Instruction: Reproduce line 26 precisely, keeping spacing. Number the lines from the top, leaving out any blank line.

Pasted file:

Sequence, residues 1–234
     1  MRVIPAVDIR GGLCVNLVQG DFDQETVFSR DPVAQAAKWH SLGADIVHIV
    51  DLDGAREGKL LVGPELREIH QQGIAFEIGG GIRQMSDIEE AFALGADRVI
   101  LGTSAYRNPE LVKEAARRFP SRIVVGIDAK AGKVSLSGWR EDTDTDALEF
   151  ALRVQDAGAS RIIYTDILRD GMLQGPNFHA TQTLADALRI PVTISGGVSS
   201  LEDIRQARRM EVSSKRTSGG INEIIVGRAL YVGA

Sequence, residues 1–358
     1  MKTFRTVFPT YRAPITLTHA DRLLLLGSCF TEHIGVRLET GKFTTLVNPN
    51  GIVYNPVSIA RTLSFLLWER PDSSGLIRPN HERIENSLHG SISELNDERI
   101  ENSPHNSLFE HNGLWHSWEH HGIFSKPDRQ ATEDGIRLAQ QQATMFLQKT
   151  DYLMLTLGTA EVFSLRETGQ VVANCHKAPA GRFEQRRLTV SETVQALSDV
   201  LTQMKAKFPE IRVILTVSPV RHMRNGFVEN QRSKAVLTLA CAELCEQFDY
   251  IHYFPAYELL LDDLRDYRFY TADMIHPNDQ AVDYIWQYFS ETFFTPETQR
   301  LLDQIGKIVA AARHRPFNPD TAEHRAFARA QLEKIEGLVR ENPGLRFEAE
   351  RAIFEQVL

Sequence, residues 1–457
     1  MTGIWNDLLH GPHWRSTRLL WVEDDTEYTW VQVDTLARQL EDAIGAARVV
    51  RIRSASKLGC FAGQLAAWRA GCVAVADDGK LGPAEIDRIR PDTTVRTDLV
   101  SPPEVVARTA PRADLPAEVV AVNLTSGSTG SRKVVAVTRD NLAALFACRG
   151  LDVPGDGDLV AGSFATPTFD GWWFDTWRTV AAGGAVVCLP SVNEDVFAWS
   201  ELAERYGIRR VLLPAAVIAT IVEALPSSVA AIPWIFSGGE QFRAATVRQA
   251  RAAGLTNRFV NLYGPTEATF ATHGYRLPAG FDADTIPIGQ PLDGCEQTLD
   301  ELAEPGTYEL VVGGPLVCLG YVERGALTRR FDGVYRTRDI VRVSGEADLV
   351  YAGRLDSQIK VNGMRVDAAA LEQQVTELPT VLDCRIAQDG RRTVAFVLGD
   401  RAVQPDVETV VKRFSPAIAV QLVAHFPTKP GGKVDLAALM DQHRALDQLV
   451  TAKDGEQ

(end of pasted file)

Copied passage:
   451  TAKDGEQ